Find out more about the museum's history
The origins of the museum lie in the 1960s when a group of pioneer activists began to collect labour history material at a time when the museum world was largely uninterested. They believed strongly in the importance of collecting and preserving items belonging to working people. They opened the National Museum of Labour History in London in 1975.
In the 1980s, with the museum’s future threatened by a lack of funding, the collection was rescued by Manchester City Council and the Greater Manchester authorities, with the help of the TUC. Local champions who believed in the importance of the collection fought for the museum to come to Manchester and the museum reopened on Princess Street in 1990 in the building where the first meeting of the TUC took place over one hundred years earlier.
Interest in the museum continued to grow and the collection continued to expand. The museum needed larger premises and a second site was opened at the Pump House in 1994 with public galleries, exhibition spaces, learning programmes and events for an interested and engaged audience.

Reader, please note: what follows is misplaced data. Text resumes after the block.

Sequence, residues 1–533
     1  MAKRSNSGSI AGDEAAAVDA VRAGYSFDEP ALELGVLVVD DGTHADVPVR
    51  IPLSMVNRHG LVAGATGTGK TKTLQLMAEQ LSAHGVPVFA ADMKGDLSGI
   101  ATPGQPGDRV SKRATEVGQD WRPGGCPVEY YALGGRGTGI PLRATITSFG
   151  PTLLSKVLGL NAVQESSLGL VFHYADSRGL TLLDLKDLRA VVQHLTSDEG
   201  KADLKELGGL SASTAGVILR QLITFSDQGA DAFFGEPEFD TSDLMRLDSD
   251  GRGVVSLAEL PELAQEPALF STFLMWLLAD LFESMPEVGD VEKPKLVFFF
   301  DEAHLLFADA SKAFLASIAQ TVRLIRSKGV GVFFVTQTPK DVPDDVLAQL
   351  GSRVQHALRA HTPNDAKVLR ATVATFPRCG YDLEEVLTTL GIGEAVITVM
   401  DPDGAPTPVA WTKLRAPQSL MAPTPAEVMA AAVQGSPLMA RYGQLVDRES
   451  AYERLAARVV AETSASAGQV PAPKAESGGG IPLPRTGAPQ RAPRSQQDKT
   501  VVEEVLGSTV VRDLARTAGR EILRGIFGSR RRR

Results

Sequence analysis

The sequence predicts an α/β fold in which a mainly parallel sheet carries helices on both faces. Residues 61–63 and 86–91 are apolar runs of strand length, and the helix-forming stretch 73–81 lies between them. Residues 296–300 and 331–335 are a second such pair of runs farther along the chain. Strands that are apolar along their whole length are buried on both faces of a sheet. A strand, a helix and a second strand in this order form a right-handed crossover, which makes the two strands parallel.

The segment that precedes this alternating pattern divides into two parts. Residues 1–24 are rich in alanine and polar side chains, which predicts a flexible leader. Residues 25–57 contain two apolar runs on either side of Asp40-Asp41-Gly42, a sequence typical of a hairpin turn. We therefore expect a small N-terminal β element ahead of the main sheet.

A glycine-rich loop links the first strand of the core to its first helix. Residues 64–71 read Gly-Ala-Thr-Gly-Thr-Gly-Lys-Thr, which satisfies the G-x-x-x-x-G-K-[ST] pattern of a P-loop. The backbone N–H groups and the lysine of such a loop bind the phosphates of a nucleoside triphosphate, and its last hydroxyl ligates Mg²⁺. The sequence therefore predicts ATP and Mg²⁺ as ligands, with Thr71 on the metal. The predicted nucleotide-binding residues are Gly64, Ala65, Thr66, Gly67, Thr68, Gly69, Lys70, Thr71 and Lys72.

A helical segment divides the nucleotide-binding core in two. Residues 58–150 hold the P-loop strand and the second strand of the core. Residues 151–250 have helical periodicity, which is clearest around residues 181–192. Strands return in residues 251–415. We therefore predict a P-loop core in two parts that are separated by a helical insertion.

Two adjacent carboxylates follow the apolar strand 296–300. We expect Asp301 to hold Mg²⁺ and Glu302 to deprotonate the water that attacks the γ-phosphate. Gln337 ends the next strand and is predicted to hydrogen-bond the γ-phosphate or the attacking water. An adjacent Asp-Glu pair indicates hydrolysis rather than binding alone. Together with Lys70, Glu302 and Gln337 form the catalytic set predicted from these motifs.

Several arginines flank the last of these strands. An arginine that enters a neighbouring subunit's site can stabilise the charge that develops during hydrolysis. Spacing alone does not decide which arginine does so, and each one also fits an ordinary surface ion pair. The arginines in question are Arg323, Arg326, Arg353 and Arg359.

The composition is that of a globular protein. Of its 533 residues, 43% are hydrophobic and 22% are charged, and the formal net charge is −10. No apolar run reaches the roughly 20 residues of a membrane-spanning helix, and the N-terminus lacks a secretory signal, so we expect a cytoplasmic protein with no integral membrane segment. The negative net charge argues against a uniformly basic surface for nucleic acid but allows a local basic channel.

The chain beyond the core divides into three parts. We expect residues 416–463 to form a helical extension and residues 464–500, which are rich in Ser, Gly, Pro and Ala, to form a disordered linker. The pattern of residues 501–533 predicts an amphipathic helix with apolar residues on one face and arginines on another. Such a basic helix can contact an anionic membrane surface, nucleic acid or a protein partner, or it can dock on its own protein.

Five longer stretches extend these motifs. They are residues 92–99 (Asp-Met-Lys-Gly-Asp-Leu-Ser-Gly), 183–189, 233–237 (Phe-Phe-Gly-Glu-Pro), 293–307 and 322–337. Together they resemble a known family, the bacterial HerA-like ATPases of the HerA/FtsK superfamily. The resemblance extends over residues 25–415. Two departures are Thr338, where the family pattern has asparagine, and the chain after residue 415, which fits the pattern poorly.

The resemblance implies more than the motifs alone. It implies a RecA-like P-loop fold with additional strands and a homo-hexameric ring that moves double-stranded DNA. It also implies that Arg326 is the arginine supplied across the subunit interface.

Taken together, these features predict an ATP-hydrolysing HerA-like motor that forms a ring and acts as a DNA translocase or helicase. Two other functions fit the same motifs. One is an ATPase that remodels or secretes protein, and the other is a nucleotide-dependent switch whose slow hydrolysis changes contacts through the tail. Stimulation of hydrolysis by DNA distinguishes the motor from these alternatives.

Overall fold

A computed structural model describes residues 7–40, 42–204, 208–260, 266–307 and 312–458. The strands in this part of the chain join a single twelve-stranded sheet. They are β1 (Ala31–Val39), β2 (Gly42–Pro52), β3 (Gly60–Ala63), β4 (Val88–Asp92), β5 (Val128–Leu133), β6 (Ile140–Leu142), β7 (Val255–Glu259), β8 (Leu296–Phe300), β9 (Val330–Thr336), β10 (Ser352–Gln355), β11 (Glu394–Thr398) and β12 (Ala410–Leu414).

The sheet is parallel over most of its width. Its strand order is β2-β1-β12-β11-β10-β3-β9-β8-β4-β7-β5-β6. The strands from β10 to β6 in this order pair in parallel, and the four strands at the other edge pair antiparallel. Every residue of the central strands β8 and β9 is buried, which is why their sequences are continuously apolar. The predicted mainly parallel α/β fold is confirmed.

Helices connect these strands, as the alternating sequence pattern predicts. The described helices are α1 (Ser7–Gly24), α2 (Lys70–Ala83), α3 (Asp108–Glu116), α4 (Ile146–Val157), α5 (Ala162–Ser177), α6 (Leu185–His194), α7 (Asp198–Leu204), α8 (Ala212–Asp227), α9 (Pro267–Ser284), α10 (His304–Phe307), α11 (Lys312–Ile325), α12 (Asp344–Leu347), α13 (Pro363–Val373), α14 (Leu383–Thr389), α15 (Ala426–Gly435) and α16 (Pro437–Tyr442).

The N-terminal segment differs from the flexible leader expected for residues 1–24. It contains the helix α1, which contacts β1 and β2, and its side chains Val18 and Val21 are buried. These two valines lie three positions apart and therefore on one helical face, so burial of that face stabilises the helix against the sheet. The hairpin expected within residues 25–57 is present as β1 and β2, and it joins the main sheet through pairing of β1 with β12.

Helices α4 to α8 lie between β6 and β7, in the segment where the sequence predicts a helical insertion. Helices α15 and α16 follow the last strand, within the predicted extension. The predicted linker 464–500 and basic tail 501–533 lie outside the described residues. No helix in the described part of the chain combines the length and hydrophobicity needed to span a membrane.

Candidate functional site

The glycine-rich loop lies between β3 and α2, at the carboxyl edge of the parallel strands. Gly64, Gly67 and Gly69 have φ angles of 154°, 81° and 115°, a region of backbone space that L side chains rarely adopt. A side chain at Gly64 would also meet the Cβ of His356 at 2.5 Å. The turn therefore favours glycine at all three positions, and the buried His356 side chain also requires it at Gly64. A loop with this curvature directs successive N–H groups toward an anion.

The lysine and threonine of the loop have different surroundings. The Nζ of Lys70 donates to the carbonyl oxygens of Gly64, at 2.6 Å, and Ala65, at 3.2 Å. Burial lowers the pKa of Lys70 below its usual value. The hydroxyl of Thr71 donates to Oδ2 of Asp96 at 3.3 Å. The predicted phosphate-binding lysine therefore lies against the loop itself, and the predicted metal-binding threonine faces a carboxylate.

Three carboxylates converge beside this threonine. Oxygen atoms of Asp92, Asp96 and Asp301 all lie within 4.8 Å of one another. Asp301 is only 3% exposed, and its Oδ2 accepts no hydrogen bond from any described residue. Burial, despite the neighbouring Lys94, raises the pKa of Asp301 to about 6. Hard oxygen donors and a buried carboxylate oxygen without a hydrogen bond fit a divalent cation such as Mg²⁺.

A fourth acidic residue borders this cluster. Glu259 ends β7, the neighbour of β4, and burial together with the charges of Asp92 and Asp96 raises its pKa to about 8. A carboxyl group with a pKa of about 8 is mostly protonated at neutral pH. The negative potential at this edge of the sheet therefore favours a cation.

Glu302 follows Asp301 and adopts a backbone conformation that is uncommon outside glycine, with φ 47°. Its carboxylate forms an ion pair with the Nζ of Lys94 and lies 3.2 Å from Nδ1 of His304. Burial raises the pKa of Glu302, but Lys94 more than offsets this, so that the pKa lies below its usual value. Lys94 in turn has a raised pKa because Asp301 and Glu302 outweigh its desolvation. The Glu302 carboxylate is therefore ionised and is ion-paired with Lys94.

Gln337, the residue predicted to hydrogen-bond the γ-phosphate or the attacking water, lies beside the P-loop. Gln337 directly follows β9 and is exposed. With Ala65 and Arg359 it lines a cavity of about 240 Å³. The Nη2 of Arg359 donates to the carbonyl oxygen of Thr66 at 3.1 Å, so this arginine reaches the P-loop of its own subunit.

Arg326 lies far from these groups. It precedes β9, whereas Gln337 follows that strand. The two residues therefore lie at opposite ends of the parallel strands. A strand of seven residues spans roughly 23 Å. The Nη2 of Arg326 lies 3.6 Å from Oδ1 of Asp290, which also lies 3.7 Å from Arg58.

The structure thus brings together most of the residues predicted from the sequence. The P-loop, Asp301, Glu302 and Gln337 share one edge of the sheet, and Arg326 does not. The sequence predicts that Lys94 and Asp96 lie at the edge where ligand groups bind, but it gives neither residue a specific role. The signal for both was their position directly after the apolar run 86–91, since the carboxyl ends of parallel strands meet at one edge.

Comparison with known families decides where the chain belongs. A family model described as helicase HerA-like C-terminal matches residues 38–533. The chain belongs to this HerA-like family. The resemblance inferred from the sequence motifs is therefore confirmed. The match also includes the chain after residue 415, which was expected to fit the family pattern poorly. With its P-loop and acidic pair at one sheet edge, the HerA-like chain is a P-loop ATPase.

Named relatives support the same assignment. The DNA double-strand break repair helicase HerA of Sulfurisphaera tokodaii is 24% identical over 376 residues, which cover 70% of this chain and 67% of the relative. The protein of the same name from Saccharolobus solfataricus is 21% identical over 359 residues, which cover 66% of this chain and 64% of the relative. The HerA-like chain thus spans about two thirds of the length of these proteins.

There was still more to do and the museum had an ambitious plan to expand even further, to bring all museum activities, operations and staff onto one site and to create a landmark building to fully reflect the unique and special story it told of the development of democracy in Britain.
The museum successfully secured an investment of £12.5 million from local, regional and national partners to achieve this vision. In 2010 the museum re-launched itself again with a restored Pump House and a new modern four storey extension, attached to the original building by a glass walkway and clad in a striking, rusty exterior of Corten steel.
Since 2010 the museum has attracted national and international press coverage, is embedded as a key cultural attraction in Greater Manchester, has achieved annual visitor numbers of over 100,000 and welcomes an audience of both local residents and national and international visitors.
The People’s History Museum is a charity and is a company limited by guarantee with a maximum of 20 trustees. It is independent and has no political affiliation.
The museum is Accredited by Arts Council England. In 1998 it was awarded Designated status by the Department of Culture, Media and Sport (DCMS), which recognises the museum as having pre-eminent collections of national importance.
Sent out approximately every two months.